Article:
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QoE-Based Performance Evaluation for Adaptive Media Playout Systems

DOI: 10.1155/2013/152359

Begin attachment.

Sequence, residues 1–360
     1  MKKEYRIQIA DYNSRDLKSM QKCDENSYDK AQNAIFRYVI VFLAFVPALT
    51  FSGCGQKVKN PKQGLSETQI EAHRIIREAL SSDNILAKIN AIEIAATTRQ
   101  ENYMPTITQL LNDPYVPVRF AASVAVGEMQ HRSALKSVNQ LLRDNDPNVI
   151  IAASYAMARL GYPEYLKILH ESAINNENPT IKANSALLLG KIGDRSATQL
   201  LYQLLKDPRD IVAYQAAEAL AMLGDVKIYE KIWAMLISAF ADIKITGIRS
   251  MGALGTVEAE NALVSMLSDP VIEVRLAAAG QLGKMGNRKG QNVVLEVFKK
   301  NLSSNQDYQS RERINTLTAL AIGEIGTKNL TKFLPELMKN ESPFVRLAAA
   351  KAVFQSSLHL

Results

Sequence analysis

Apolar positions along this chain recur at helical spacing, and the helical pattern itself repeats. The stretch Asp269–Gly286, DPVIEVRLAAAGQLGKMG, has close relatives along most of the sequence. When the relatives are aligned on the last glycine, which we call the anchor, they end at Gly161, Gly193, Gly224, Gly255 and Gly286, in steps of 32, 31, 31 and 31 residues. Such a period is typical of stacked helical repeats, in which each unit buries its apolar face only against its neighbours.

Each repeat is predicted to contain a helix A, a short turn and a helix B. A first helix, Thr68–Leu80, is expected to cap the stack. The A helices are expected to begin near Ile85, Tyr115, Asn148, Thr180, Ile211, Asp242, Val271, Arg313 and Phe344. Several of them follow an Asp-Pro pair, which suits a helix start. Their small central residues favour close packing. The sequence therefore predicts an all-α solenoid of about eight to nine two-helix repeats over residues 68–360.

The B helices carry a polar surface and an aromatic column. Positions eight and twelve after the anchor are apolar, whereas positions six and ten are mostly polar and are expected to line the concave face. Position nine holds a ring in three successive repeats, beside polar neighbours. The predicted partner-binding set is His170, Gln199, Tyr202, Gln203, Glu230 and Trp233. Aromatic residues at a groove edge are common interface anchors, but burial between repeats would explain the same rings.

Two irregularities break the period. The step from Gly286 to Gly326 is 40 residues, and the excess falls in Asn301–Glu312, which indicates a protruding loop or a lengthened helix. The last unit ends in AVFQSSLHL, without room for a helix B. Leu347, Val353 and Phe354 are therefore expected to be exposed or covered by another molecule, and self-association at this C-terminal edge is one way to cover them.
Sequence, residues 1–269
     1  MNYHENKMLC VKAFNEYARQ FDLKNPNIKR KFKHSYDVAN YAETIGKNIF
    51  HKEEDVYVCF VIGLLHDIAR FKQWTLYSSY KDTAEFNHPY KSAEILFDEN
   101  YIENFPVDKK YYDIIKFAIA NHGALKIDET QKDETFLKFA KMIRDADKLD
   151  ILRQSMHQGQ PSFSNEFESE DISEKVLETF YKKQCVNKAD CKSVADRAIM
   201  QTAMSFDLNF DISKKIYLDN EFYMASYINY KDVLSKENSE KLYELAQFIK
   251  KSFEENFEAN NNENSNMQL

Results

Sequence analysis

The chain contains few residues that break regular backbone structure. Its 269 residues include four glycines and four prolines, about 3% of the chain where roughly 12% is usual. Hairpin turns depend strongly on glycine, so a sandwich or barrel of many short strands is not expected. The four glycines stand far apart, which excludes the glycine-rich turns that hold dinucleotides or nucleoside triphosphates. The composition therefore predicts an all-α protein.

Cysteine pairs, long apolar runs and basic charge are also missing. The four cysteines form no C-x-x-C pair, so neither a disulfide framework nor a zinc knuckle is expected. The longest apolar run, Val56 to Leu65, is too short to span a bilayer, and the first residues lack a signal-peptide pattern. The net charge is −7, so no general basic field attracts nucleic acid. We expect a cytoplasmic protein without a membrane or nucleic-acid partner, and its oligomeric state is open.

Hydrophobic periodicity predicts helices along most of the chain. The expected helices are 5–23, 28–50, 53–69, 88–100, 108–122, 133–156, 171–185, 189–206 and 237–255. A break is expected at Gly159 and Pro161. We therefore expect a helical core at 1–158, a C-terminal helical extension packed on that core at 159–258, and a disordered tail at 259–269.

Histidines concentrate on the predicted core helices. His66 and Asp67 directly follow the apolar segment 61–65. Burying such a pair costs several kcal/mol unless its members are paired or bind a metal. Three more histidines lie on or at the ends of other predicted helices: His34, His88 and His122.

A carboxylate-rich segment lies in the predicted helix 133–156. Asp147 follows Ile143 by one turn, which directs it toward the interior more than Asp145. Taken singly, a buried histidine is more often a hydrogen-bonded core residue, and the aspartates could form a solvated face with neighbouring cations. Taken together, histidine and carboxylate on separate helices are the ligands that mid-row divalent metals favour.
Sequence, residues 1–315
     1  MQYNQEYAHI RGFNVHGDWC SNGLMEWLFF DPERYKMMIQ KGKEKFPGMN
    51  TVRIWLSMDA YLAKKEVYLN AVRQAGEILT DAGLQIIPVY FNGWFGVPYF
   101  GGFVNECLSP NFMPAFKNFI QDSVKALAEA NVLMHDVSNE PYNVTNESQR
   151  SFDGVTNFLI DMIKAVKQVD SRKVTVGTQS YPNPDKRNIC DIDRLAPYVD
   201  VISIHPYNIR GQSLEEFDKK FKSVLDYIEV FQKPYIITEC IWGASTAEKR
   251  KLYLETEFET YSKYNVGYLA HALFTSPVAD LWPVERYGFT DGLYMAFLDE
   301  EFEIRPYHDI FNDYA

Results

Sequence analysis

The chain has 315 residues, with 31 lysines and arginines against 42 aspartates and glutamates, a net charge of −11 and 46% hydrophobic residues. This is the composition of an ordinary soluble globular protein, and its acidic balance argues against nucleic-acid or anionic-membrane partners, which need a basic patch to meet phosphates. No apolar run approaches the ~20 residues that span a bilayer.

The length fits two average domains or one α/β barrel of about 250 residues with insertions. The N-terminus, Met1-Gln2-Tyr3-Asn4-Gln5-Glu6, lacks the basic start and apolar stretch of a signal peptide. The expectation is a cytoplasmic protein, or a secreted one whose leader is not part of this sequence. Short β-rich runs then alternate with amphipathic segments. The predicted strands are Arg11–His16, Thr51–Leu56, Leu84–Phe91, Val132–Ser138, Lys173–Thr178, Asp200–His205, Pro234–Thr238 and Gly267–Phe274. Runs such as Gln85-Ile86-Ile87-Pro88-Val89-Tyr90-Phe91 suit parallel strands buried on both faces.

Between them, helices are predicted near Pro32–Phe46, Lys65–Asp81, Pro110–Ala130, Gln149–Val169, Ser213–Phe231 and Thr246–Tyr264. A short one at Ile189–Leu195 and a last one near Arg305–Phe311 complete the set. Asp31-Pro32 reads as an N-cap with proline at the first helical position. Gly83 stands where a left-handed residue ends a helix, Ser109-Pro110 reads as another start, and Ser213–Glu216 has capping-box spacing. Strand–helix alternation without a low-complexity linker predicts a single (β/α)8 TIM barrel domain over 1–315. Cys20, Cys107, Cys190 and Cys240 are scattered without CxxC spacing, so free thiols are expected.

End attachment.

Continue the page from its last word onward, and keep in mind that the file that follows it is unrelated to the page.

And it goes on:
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To improve the playout quality of video streaming services, several adaptive media playout (AMP) mechanisms were proposed in literature. However, all performance evaluations and comparisons for AMPs were made in terms of quality of service (QoS) metrics. As one knows, there may exist a trade-off between QoS metrics, such as buffer underflow and overflow performance. Thus, it is not sufficient to only evaluate the performance of AMPs in terms of QoS metrics. In this paper, we will evaluate and compare the performance of several AMPs from the aspect of quality of experience (QoE). Numerical results will show that some existing AMP systems do not perform better than the nonadaptive playout system from the point of view of overall QoE. 1. Introduction Recently, multimedia streaming applications such as IPTV [1] have been increasing rapidly due to the significant growth of bandwidth in access networks, such as xDSL, FTTH, 3G/4G, and WiMAX. However, due to the random delay/jitter encountered in Internet, at the client side the video playout interruption, block distortions, and nonpredictive preroll time may occur during a playout session. To counteract the effects of network jitter on the quality of video streaming, adaptive media playout (AMP) techniques, which can control the media playout rate dynamically, have emerged [2–10]. Some AMP schemes, such as [2–7], adjust the media playout rate dynamically according to the buffer fullness. Another AMP based on buffer variation rather than buffer fullness was proposed in [8]. The other content-aware AMPs that take into account the content of a video sequence and motion characteristics of different scenes were presented in [9, 10]. The content-aware AMP only slows down the low-motion scenes such that the perceived effect is lower. The quality of service (QoS) refers to several related aspects of telephony and computer networks that allow the transport of traffic with special requirements. QoS metrics belong to quantitative metrics that can be measured objectively by using network equipment. Therefore, they are usually called objective QoS metrics. Several objective QoS metrics, such as underflow probability, overflow probability, variance of distortion of playout (VDoP) [3, 7], initial playout delay, playout curve, and mean playout rate have been used for evaluating the performance of AMP mechanisms. Detailed definitions of most of these objective metrics can be found in [7]. Several works had shown that there may exist a trade-off among these metrics mentioned above [4, 7]. For example, there exists a trade-off


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